cover image The Grass-Cutting Sword

The Grass-Cutting Sword

Catherynne M. Valente, . . Prime, $12.95 (0pp) ISBN 978-0-8095-6230-5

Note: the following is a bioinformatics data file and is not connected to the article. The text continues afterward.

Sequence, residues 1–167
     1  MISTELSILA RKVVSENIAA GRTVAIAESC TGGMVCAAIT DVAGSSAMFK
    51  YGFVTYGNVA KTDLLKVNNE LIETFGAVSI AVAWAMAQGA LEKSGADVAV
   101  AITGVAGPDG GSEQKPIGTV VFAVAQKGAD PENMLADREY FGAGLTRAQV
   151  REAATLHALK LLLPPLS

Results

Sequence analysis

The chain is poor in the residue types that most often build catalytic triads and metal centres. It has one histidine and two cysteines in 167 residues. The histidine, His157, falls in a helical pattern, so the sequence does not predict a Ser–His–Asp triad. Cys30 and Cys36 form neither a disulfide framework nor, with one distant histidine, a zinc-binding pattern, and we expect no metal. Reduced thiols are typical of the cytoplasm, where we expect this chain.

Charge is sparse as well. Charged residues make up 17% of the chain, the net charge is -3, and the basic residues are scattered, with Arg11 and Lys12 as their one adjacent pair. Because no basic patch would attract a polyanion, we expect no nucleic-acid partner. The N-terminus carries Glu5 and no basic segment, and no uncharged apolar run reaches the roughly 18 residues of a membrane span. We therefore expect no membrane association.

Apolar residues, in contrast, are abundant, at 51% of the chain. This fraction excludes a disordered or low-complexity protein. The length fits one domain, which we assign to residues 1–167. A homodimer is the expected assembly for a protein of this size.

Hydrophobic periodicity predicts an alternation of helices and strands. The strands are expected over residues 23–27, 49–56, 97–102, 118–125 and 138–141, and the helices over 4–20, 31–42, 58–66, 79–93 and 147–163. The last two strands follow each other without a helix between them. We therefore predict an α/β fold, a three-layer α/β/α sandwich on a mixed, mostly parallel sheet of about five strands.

Similar in tone and style to Yume No Hon: The Book of Dreams (2005), Valente's baroquely layered fantasy tells an earthy tale of heroes and monsters. Banished from heaven, Japanese trickster god Susanoo-no-Mikoto, a kami with powers over the wind and the oceans, bemoans his fate and travels across mundane lands hoping to find solace with his mother, Izanami-no-Kami. Then a peasant couple beg him to rescue their daughter, who was kidnapped by a great eight-headed serpent—the same serpent that took her seven sisters before her. When the peasants tell Susanoo he may take the eighth daughter as his wife, he agrees. He trails the serpent to the village of Hiroshima, where he slays it and creates the Grass-Cutting Sword from its spine, even as his new wife ignores his lordly reassurances and mourns the monster. This lyrical, language-driven novella alternates between the awkward ("peasant-colored" people) and the sublime, as when Susanoo departs Hiroshima: "footprints flaming over the city, burning white and sere... and a hot wind followed after them." (Nov.)